Wednesday, August 11, 2010

Required Reading: A PHANTOM LOVER by Vernon Lee

The fourth in Bleiler's collection FIVE VICTORIAN GHOST NOVELS, this is probably the most modern and psychological, a real contrast to the previous work, MONSIEUR MAURICE.

Also known as OKE OF OKEHURST (yawn-inducing, eh?), it's narrated by an artist who's hired by a Mr. Oke to come to his country seat and paint portraits of him and his wife.

Of course, it gets complicated. Mr. Oke is a nice enough guy, but bland and uninteresting. Mrs. different. Exotic, beautiful, intense, and intelligent, she's also obsessed with the story of an ancestor who had a passionate affair with a local poet. Said ancestress later murdered, assisted by her husband, the poet, for unclear reasons. And now Alice seems to be having an affair with the poet's ghost.

It's a great story, simply great. There's all sorts of hints about the state of their marriage. Oke complains about his wife's health, and at one point complains of not having children. Has the marriage been unconsummated? Why did they get married? Oke is intimidated by his wife, and is always on edge. The narrator notes that Oke is horribly shy, and that shyness is induced by a fear of making a fool of himself in his wife's eyes, and it's only when he's away from her that he can relax. Alice barely notices her husband, and takes no interest in his political work (in which he seems diligent, but undistinguished). She moons and obsesses over her ghostly lover, claiming that he visits her.

And in that lies the story's brilliance. This is in tune with Henry James' ambiguity in THE TURN OF THE SCREW (and Lee was a great friend of James, making me wonder...). We never see the ghost ourselves, and it's never truly confirmed that it's supernatural. Alice may just be mentally ill, obsessing over an old family story. Or this may be a story of domestic violence, of the psychological sort. Alice is doing it to relieve the tedium of her unhappy marriage, and to torture the husband she's come to loathe and resent.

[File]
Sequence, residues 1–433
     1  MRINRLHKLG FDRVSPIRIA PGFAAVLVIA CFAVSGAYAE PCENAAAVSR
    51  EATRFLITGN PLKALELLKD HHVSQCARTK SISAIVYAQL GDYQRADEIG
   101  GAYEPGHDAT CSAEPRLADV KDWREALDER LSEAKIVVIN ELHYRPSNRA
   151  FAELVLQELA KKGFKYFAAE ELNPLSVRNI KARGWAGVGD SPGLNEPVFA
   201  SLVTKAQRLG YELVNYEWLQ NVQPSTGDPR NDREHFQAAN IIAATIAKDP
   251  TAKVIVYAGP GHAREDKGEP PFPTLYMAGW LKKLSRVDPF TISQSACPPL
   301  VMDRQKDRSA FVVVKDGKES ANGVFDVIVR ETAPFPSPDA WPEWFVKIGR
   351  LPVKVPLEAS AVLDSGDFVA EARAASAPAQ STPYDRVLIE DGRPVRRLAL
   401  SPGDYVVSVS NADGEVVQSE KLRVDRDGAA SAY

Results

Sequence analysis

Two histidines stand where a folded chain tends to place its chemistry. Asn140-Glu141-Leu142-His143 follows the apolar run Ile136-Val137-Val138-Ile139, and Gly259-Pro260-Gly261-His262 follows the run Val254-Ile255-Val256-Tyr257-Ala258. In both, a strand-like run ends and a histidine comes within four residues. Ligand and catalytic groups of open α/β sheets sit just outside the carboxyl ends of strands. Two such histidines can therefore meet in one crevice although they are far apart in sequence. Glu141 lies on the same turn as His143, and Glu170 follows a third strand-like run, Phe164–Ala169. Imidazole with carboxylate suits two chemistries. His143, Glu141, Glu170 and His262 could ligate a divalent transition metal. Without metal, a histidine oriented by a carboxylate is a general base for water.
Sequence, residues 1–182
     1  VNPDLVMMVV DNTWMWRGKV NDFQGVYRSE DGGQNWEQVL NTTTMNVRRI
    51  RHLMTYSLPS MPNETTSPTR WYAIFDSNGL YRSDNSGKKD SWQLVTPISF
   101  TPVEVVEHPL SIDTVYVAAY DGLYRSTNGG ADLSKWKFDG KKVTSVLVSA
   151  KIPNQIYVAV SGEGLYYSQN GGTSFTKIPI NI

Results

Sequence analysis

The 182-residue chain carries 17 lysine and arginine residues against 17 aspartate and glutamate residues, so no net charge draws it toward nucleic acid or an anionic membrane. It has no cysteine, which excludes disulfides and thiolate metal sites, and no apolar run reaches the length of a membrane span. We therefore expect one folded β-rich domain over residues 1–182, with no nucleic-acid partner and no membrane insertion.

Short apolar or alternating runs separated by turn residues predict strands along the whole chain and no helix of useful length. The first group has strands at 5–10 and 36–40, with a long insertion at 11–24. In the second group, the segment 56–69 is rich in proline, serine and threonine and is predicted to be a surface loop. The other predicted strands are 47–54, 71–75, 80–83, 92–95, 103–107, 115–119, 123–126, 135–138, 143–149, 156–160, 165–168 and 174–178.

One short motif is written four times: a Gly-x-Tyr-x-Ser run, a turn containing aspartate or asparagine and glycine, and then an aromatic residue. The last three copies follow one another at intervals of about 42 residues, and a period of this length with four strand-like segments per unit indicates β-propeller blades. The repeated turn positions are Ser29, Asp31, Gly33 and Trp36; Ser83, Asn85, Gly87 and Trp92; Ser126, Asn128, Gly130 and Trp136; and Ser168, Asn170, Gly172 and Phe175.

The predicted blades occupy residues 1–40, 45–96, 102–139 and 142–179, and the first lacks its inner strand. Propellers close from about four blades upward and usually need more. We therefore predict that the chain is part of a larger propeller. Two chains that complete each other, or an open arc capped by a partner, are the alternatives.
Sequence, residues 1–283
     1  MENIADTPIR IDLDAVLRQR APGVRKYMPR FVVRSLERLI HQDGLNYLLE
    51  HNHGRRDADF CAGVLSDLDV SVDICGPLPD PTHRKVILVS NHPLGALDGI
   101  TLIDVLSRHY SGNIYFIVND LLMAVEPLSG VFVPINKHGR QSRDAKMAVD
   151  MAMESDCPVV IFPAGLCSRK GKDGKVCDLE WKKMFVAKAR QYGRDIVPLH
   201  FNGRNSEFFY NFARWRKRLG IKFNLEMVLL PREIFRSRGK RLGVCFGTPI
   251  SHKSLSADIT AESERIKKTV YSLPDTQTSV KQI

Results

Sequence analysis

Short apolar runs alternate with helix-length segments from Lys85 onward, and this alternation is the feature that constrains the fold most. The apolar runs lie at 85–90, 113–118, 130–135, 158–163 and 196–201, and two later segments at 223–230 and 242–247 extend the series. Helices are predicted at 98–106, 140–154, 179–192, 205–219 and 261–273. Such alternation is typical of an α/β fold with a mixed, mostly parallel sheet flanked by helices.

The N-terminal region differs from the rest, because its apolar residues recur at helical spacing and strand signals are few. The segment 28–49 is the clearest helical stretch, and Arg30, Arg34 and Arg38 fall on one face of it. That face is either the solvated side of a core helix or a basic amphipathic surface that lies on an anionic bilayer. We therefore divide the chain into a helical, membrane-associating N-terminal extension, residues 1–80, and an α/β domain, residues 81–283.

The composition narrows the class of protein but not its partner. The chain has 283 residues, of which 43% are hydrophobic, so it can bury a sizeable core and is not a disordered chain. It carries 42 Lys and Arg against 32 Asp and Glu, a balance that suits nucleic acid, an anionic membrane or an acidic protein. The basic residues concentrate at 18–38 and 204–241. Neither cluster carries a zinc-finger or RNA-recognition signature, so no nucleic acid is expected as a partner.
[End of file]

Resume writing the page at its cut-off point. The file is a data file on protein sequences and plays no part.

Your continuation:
Of course, it all leads to an act of violence, and a wonderfully ambiguous last bit that doesn't resolve much of anything, but does it in great style.

Vernon Lee's real name was Violet Paget (1956-1935), and was one of the great decadent writers, as well as a noted travel author and art critic. She was also a feminist, a lesbian, part of the Aesthetic movement, and quite the thinker on topics like psychology and people's reactions to art. She spent most of her life on the Continent although she wrote in English for an English audience; her longest residence was near Florence, and her library remains there, at the British Institute. She's best known these days for her supernatural tales, but reading some of her biographical material, she sounds like a fascinating person and I'd like to dip into some of her works on aestheticism. Lee's enthusiasm for art shows in this novella, where she paints great visuals of the Okehurst mansion and of the narrator's artistic work, and her grasp of psychology is remarkable. (The portrait above was painted by John Singer Sargent.)

Some critics have said this story is definitely supernatural, but it's not. There's a ton of ambiguity here and there's an extremely good case to be made for it being a case of psychological torture as a result of an extremely unhappy and ill-matched marriage. I'm happy to include this in the Required Reading list, and recommend that readers delve into Lee's other works. I've read some of her other stories in the past and enjoyed them all, and I can't help but think her works on art and aesthetics will be interesting. And the good D&C fan also appreciates art...

No comments: